jay connor

The Year of the Great Gush of Male Tears

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Chicago Bears linebacker Khalil Mack isn’t a football player, he’s a force of nature.

A 6-foot-3, 247-pound battering ram who torments offensive coordinators and inflicts carnage and cataclysm on blood and bone. He’s Halley’s Comet — the ever-elusive, generational talent who crash-landed on Earth just to obliterate offensive linemen and pulverize franchise quarterbacks into heaping mounds of debris.

But despite his supernatural trajectory — a career that so far has included 40.5 career sacks, a league-leading 185.5 quarterback pressures since being the fifth overall pick in the 2014 NFL Draft and becoming the first player in league history to be named first-team All-Pro at both outside linebacker and defensive end in the same year — he was traded from the Oakland Raiders to the Chicago Bears on September 2, 2018, where he immediately became the recipient of a record-breaking six-year, $141 million contract extension.

His teammates bemoaned the move publicly, and the sports world descended into complete disarray as confusion and disbelief permeated every nook and cranny of Al Gore’s Internet. The prevailing thought was the same: Who in the hell trades Khalil Mack?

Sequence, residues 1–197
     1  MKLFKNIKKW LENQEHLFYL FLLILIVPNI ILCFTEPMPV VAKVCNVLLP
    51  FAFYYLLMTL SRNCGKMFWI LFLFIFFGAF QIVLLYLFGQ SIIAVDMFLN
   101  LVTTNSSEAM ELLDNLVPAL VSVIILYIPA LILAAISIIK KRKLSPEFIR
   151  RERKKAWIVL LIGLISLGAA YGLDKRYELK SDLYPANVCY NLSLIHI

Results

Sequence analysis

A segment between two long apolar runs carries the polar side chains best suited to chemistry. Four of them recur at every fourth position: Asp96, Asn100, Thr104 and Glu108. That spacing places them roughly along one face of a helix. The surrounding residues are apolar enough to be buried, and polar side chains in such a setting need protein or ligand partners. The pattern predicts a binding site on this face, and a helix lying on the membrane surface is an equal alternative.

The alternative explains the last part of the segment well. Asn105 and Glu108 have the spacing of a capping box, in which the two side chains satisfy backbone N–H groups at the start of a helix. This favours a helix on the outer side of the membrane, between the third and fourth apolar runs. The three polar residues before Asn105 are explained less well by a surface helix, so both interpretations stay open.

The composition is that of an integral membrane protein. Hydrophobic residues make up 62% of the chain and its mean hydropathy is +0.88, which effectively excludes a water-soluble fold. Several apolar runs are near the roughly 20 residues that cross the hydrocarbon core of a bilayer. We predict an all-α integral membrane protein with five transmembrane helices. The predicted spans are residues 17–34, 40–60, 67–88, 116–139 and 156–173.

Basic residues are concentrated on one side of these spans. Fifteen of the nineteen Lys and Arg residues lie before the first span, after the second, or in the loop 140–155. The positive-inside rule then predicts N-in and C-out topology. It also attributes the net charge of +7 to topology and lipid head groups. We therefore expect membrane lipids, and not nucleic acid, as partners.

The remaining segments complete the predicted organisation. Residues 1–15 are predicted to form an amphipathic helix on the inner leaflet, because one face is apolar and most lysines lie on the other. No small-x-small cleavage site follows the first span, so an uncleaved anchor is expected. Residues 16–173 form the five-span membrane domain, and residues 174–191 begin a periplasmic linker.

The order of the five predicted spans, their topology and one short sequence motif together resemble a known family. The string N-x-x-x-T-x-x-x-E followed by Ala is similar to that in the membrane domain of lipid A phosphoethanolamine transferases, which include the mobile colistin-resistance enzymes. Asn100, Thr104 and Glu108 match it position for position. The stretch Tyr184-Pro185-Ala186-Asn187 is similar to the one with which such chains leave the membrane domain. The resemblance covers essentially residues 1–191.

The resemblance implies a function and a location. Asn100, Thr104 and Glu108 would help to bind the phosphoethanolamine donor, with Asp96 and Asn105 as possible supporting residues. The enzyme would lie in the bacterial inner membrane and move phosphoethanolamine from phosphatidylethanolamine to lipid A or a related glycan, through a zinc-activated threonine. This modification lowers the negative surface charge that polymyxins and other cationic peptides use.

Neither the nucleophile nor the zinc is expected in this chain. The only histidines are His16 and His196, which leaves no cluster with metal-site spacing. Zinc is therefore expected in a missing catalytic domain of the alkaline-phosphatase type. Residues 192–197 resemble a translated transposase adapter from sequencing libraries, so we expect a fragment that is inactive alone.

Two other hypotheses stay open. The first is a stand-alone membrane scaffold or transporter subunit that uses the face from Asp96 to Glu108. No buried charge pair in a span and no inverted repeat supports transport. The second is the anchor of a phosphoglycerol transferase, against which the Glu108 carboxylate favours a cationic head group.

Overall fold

Read the rest at Mel Magazine.


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Over at Zencastr, Jay delved into how podcasting is being used to amplify awareness of the challenges members of the disabled community face. 

"Between measured breaths from her BiPAP mask, a device that supplies her airways with pressurized air, celebrated disability rights activist Alice Wong introduces her audience to her latest altruistic foray. “With a gazillion podcasts out there, you might wonder: ‘Why this one?’ ‘Why now?’” she asks.

“The short answer is that I don't see shows about disability culture and politics from NPR or other major media organizations. There aren’t that many around.” There’s a brief pause before she electrifies her audience with a rallying cry.

“The revolution is here. One podcast, one transcript, one tweet at a time.”

And so begins the debut episode of “The Disability Visibility Podcast”, a natural extension of the brilliant, necessary, and groundbreaking work Alice performs as the founder and project coordinator of the San Francisco-based Disability Visibility Project. This nebulous, online collective is committed to not only amplifying the voices, concerns, and narratives of the disabled community, but they empower their audience by educating them on relevant policies and practices through their partnership with #CripTheVote."

Read the rest over at Zencastr